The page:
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Vancouver’s Cacao defies all expectations, for better or for worse

Chef Jefferson Alvarez stretches his experimental chops with dishes such as sturgeon chicharron: charcoal-coated fish topped with liver mousse and puffed ‘chicharron’ made of fried fish skin.

Ben Nelms/The Globe and Mail

3 out of 4 stars

Cacao Progressive Latin
1898 W. 1st Ave., Vancouver, British Columbia
Modern pan-Latin
Rating System
Additional Info
Open Tues. to Sun., 8 a.m. to 4 p.m.; Wed. to Sat., 6 p.m. to 11 p.m.; Reservations recommended for dinner

Rice and beans are many things: a sturdy peasant food, a complete protein, a common staple in myriad cultures around the world. Rarely, however, is this humble dish transformed into a texturally intriguing, brightly zingy showstopper capable of making me and my friend (a seasoned global traveller) drop our forks, swoon in unison and immediately hit up the chef for the recipe.

This artfully composed Venezuelan pabellon – the best rice and beans ever – is mounted on a pressed and lightly toasted square of jasmine rice that has been aromatically boosted with sautéed onions, jalapenos and garlic. The rice is topped with a duo of flank steak: one part softly shredded and stewed with fresh bay leaf and tomato sofrito; the second part, a tangled spray of the same beef dehydrated into crunchy tendrils of shattering floss. On the side are golden-seared medallions of sweetly ripe plantain. A richly concentrated black bean stew, the beans still fibrously firm, is spooned tableside.

We give our heads a shake. They're just beans, after all. But the lusty juice in which they're gently simmered – a heady mix of red pepper, poblano, garlic, onion, cumin, cilantro and wild culantro (spicy, long-leaf cilantro) – does an extraordinarily sexy tango on your tongues.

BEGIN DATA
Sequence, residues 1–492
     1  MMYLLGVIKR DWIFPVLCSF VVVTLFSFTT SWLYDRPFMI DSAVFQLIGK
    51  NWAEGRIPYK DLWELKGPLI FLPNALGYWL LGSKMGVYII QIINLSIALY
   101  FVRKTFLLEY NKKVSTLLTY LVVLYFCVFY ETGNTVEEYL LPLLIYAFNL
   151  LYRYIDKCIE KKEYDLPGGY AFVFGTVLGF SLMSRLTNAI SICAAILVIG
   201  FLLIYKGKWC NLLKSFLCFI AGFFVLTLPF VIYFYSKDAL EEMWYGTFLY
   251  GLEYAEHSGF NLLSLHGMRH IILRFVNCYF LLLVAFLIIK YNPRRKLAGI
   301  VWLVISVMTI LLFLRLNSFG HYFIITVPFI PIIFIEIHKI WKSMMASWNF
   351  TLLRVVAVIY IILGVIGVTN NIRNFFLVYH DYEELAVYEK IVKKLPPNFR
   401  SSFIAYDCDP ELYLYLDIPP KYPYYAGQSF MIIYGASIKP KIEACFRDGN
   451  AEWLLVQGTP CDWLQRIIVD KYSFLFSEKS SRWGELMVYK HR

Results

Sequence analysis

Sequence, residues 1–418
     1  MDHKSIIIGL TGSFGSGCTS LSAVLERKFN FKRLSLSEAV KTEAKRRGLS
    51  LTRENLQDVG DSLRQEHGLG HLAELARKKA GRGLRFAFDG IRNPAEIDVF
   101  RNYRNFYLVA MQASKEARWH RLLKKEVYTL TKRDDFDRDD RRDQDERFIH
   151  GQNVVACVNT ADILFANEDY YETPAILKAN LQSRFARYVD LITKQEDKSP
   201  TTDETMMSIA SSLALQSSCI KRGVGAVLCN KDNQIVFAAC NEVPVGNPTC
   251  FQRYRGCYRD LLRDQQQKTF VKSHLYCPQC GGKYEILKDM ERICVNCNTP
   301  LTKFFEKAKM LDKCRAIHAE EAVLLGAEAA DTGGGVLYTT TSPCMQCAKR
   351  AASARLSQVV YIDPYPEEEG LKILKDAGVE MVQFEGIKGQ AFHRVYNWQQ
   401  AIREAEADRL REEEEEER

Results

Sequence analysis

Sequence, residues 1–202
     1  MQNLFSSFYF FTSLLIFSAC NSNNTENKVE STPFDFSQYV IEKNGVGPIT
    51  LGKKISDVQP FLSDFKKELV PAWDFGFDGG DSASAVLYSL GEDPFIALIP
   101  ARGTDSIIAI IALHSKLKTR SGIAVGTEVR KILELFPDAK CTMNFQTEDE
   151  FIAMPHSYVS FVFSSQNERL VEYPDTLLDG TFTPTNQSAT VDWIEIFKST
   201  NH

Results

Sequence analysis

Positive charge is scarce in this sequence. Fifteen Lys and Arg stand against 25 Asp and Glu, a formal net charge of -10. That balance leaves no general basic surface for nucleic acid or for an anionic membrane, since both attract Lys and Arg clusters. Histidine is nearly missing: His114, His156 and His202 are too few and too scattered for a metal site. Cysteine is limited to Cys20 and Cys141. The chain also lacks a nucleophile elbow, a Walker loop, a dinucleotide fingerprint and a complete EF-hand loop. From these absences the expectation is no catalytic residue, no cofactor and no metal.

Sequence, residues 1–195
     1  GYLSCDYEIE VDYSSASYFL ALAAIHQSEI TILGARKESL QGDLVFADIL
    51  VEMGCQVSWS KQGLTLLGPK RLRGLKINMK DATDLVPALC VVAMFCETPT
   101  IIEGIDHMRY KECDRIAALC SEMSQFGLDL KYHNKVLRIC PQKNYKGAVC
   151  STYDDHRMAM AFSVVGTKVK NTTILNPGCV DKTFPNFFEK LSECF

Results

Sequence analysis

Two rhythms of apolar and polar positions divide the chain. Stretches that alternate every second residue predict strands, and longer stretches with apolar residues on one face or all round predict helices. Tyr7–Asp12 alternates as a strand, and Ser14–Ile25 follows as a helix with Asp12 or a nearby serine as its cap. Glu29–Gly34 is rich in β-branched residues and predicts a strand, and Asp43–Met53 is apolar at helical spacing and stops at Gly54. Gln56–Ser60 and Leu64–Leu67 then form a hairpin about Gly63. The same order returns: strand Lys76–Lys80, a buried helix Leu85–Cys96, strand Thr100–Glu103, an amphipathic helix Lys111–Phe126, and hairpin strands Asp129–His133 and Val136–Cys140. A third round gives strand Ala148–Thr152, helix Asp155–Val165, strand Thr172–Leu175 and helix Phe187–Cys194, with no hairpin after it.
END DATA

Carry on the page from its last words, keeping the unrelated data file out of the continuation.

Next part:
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Some might balk at the $28 à-la-carte price tag. For rice and beans? But these aren't any old rice and beans. And when portioned in a smaller size for the $45 three-course tasting menu (which actually comes with five courses, including a wild-mushroom-filled maize arepa as amuse-bouche and moist coconut-rum cake for dessert), it's a bargain.

Cacao Progressive Latin is a new restaurant from Jefferson Alvarez, one of Vancouver's most experimental chefs. We almost lost him. After flitting around from Fraiche to Secret Location to a series of pop-ups, he was ready to pack up and move to Amsterdam this fall. Through a friend of a friend, he met Marcela Ramirez, the "Martha Stewart of Mexico," as he refers to the former Monterrey-born television celebrity and cookbook author.

Ms. Ramirez and her daughter, Andrea, who had taken over the old Epicurean Caffe in Kitsilano, hired him as a consultant and then quickly offered him a partnership. After a simple renovation that included opening up the kitchen and tearing out the deli case, the aging breakfast joint reopened as a "progressive" pan-Latin eatery that hopscotches various Latin cuisines with modern techniques and local influences.

The daytime menu is a casual affair, offering the usual assortment of gluten-free waffles, eggs and quinoa bowls with a few Latin-inspired twists – arepas (spongy pita-like maize cakes stuffed with avocado and peas), deeply satisfying masa-dumpling chile-chicken soup and an amazing two-tiered chocolate flan cake – all made by Ms. Ramirez.